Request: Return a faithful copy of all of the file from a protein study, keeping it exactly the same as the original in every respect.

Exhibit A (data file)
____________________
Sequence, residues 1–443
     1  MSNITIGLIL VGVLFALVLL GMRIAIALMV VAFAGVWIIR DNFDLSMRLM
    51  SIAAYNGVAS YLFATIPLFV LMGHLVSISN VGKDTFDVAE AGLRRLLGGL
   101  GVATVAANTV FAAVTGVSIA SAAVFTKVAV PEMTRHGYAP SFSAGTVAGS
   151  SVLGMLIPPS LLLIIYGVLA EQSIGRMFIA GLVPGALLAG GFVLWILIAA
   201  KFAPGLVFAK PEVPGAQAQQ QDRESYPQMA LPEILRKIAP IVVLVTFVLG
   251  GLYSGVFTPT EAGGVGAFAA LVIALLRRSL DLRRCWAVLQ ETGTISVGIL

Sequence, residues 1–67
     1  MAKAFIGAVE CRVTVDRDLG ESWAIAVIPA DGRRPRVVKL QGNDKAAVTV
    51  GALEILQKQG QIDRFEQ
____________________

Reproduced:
Sequence, residues 1–443
     1  MSNITIGLIL VGVLFALVLL GMRIAIALMV VAFAGVWIIR DNFDLSMRLM
    51  SIAAYNGVAS YLFATIPLFV LMGHLVSISN VGKDTFDVAE AGLRRLLGGL
   101  GVATVAANTV FAAVTGVSIA SAAVFTKVAV PEMTRHGYAP SFSAGTVAGS
   151  SVLGMLIPPS LLLIIYGVLA EQSIGRMFIA GLVPGALLAG GFVLWILIAA
   201  KFAPGLVFAK PEVPGAQAQQ QDRESYPQMA LPEILRKIAP IVVLVTFVLG
   251  GLYSGVFTPT EAGGVGAFAA LVIALLRRSL DLRRCWAVLQ ETGTISVGIL

Sequence, residues 1–67
     1  MAKAFIGAVE CRVTVDRDLG ESWAIAVIPA DGRRPRVVKL QGNDKAAVTV
    51  GALEILQKQG QIDRFEQ